Which brings up the whole question of how best to communicate science, which just happens to be a big deal these days. Mooney and Kirshenbaum’s make it a central theme of their book Unscientific America and so does Randy Olson in Don’t Be SUCH a Scientist. I reviewed the former a couple of months ago, and I’ll have a review of the latter in a few days.

NELSON, M., & VUCETICH, J. (2009). On Advocacy by Environmental Scientists: What, Whether, Why, and How Conservation Biology, 23 (5), 1090-1101 DOI: 10.1111/j.1523-1739.2009.01250.x

Comments

  1. #1 P.Fish
    September 16, 2009

    It’s a tricky topic, but it seems to me that scientists who become advocates are performing a vital service, since the media (even if they show any interest) are often unable or unwilling to get the actual thrust of scientific findings across. Look at nutritional science for example – consuming cow’s milk is a lousy idea, but it’s rarely challenged in the mainstream despite there being tons of scholarly research on why it’s a Really Bad Idea.

    Carl Sagan did an amazing job in helping to cool tensions between the US & USSR by debunking Reagan’s Star Wars (SDI) saber-rattling. And by using his science celebrity to directly educate the public on nuclear winter, he effectively created a situation where recalcitrant governmental leaders had to finally listen to the will of the people and back away from the nuclear escalation of the 1980′s.

    Scientists aren’t obliged to become policy advocates. For those who think they have an important message to get out- good for them. A dedication to pursuit of natural facts should not be any kind of muzzle on public participation. An avocation shouldn’t prevent one from being a good citizen and engaging in important matters. There will always be scientists who stick just with academics and avoid public policy matters. If that’s their thing, fine. If not, that’s fine too.

  2. #2 CharlieN
    September 16, 2009

    But Carl Sagan is ridiculed for the nuclear winter idea, particularly for predicting that Saddam’s Kuwait oil fires would have a nuclear winter effect. Being famous does not correlate with being right. Just look at all the high-carbon anti-global-warming events which feature celebrities.

  3. #3 travc
    September 16, 2009

    There is another potential pitfall. Policy is never (well at least almost) decided based on rational evaluation of objective evidence. Advocating for policy using such arguments is really ineffective. So to be an effective advocate, one has to argue in a non-scientific way… using anecdotes, emotion, politics, and appeals to narrow self-interests.

    The downside, making these sorts of arguments is often seen as being lazy, sleazy, or even dishonest by lots of scientists. The culture clash means scientists who are effective policy advocates often loose credibility with their peers.

    BTW: Regarding Sagan, Kuwait oil field fires and nuclear winter:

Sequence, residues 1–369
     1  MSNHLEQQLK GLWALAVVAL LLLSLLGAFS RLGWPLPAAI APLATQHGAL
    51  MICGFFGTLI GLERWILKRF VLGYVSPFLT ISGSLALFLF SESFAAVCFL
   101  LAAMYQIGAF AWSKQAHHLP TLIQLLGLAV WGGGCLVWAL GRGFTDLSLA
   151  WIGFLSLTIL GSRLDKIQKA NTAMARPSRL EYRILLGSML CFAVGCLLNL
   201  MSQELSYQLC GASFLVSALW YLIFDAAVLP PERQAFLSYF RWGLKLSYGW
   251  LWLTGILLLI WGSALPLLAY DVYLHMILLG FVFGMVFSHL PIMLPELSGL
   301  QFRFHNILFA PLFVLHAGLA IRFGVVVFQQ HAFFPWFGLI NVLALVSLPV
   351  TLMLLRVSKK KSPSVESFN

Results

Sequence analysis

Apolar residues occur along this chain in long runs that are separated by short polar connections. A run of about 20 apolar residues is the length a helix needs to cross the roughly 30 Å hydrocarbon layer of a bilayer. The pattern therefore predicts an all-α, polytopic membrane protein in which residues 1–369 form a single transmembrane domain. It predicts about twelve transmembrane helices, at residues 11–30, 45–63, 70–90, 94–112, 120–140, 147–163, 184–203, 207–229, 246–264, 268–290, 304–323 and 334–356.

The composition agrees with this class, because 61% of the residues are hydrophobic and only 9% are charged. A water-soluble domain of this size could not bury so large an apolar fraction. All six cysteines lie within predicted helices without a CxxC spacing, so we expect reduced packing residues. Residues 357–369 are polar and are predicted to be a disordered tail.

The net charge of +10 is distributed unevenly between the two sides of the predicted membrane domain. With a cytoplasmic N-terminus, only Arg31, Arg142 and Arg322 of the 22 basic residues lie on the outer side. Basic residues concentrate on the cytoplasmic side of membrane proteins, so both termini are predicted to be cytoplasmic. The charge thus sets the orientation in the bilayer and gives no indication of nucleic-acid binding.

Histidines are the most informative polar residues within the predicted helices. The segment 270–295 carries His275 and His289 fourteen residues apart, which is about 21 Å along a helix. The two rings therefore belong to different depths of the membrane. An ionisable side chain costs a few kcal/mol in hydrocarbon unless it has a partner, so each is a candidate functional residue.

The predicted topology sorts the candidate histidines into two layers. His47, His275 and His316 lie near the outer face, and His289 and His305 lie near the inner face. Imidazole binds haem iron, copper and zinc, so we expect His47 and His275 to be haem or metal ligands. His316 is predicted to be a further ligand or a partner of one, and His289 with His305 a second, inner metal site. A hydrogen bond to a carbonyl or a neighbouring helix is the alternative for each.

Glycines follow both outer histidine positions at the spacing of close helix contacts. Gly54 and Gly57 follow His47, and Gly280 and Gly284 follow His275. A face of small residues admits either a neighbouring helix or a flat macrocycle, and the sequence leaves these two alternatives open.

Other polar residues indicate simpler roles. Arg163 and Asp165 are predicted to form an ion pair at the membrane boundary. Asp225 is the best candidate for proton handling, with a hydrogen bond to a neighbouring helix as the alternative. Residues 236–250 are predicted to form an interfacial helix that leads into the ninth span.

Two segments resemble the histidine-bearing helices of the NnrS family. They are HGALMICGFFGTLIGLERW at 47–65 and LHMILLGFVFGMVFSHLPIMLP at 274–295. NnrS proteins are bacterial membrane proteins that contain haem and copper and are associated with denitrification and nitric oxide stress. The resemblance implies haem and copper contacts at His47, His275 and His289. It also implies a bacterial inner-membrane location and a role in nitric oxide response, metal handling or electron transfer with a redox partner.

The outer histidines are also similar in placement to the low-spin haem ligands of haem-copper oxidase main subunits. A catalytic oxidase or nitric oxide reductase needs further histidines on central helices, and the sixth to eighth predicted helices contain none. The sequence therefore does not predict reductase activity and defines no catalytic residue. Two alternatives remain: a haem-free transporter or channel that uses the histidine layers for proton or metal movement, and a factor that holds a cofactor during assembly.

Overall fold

They did demonstrate a large scale (not global) man-made effect quite dramatically.
    some data here
    Sagan was wrong, but not insanely so.
    Importantly, the nuclear winter idea itself isn’t “widely ridiculed”. Remember Pinatubo?

  4. #4 JR
    September 17, 2009

    Getting policy right frequently involves many complex considerations. Scientists are rarely experts on all the relevant disciplines. (Ie, to evaluate a particular climate change policy you do not just need to know climatology. You would also usually need to know economics, political science, biology and perhaps more if you wanted to make a comprehenisive evaluation.) And scientists never have any expertise on moral matters that other people do not have.

    If scientists choose to advocate I would hope they make clear the limits of their expertise. But frankly I see no reason for scientist to advocate on issues concerning their own area of expertise. If they want to become politically involved there are a million issues that they can become involved in where they do not contribute to the confusion of science and politics.

  5. #5 Robert M. Cerello
    September 17, 2009

    The article’s author tries hard to present an overview of what is frankly a dead-simple topic. Should scientists be advocates for policy, regulations, laws, etc? The questions is: if their knowledge of reality is category based, proven, and genuine–then why should anyone else ever be listened to?… I’ve claimed for 40 yrs that true scientists alone, those who understand the prioritized 5–6 “normative basic conditions” of how things operate or are done in man-created situations should presents suggestions for regulations. What do political hacks, postmodernist reality-haters and fantasizing lobbyists have to do with regulations, knowledge, science or anything but their own criminal misbehaviors? But first–you need to nail down what science is. Psychiatrists for example do a dangerous, valuable job–but in the absence of a normative picture of the human personality as a self, not as a wage-slave learning to accept bureau-corporate tyranny as a way of life–they have a cure rate of 3 %. Enough said. Those who know are leaders. Everyone else is playing with our lives. I know.

  6. #6 bi -- IJI
    September 18, 2009

    JR, are you saying that scientists will suddenly become more credible when they become advocates on issues which they’re not experts in?

    bi